React to MEM Logs using Event Hubs and Azure Functions

Example: Convert User-Driven provisioned Autopilot Devices to Shared Devices

I’ve got an interesting challenge from one of my customers.
Long story short, we have hybrid ad joined devices (for no really good reason, I know 😉 ), but only “User Driven Provisioning” via Windows Autopilot is available (at the moment).
But mobile devices get shared regularly for weekend tasks, the customer wants to allow every user to use the company portal on these devices.
The only way to accomplish this at the moment is to remove the primary user from the device in the MEM Admin Portal, because this will “convert” the device into a shared device.
So he wants me to automate this when a new device gets enrolled in intune via Windows Autopilot.

In the past, I’ve often used Azure Monitor with Alerts and Runbooks to perform tasks like this.
But since I’ve dug a little bit into Azure Functions in my last project, I decided to go with an alternative approach this time. (Because Azure Functions are so damn awesome and a shout-out to Laura Kokkarinen, her blog post helps me a lot: Link )

So lets start, that’s the plan:

  1. Logstreaming MEM operational logs and looking for a specific “event”.
  2. Redirect formatted output of a specific event to a new logstream
  3. The redirected event triggers Azure Functions via binding
  4. Azure Function calls Microsoft Graph with a token from the Managed Identity endpoint (that’s by far the coolest part)

Create the necessary Event Hubs

We create two Event Hubs in our new namespace, one for operational logs and one for the filtered enrollment events (we will get into that later).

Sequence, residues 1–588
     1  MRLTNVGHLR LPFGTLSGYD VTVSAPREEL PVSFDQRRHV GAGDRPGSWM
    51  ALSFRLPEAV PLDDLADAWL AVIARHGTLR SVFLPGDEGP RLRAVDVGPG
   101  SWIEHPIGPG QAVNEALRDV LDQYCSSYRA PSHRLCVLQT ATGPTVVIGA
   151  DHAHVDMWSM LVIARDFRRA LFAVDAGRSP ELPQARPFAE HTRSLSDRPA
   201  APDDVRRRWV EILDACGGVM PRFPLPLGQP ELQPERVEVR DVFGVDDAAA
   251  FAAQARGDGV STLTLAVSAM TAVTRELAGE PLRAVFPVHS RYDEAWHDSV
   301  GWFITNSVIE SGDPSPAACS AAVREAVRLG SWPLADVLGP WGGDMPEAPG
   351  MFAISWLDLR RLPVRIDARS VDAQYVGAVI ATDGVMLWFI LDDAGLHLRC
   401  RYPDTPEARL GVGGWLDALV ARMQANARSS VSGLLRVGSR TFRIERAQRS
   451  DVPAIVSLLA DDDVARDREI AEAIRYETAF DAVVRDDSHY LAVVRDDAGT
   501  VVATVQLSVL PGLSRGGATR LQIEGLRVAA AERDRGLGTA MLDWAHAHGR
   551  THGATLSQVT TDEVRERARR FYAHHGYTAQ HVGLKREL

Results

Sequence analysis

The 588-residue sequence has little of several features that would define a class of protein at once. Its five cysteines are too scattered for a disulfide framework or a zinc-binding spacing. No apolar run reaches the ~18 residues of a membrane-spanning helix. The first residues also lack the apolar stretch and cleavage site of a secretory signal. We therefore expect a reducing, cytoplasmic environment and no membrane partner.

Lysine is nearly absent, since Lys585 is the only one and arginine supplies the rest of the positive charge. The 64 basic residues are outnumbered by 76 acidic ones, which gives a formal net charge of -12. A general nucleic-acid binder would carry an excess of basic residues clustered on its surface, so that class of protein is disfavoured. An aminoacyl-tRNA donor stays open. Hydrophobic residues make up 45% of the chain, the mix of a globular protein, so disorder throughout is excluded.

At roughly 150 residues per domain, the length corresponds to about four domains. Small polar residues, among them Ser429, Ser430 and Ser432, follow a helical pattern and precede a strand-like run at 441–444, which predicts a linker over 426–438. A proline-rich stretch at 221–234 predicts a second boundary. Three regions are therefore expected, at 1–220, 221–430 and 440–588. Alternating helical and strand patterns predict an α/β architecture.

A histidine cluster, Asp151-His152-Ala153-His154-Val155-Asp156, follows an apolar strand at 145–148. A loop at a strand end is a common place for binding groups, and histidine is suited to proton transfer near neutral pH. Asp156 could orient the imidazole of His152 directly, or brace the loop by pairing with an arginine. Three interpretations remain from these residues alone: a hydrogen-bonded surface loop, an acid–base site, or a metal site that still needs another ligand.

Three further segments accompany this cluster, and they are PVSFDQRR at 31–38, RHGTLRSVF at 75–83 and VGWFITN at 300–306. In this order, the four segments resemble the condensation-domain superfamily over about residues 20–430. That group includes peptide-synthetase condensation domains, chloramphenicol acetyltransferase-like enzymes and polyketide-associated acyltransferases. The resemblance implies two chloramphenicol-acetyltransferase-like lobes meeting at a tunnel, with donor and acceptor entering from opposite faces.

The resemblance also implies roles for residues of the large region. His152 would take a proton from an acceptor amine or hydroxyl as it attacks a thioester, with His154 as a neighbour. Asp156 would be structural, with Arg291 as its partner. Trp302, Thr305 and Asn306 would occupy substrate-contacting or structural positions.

Forward MEM Operational Log to Event Hub

Return to the MEM Admin Portal and configure log forwarding.

Note: Now is a good time to enroll a test device, so you have some log entries to play with.

Configure Azure Stream Analytics Job

Let’s take a look at the logstream. We navigate back to our event hub namespace and open our previously selected event hub.

We save the query as a stream analytics job.
We add output to our “Analytics Job”.
Don’t forget to start the job (unfortunately discovered after 2 hours of troubleshooting :-))
Note: Again, now is another good time to enroll a device, so we can validate if entries are received by our event hubs.

Create Azure Function and bind to Event Hub

We now create a new Azure Function App with your favorite runtime stack. I usually go with Powershell and my demo code is also written in Powershell (so if you want simple copy and paste –> select Powershell Core).
The rest of the settings are good by default, and the serverless plan is the most beaty one :-). Application Insights give us a historical view.

Next we create our first function in our new Function App and bind it with our “newenrolleddevice” event hub.
Click create and the portal brings us to our new function, where we go to the “Code + Test” section and enter the following code and click “Save”.

param($eventHubMessages, $TriggerMetadata)

# Write-Host "PowerShell event hub trigger function called for message array: $eventHubMessages"

$eventHubMessages | ForEach-Object {

    # get Intune device id
    $jsonOut = $_ | convertto-json
    Write-Host "Processing event: $jsonOut"

    $deviceID = $_.properties.IntuneDeviceId
    Write-Host "DeviceID: $deviceID"

    try {
        # request accesstoken from managed identity
        Write-Host "Trying to get authentication token from managed identity."
        $authToken = Receive-MyMsiGraphToken

        #Invoke REST call to Graph API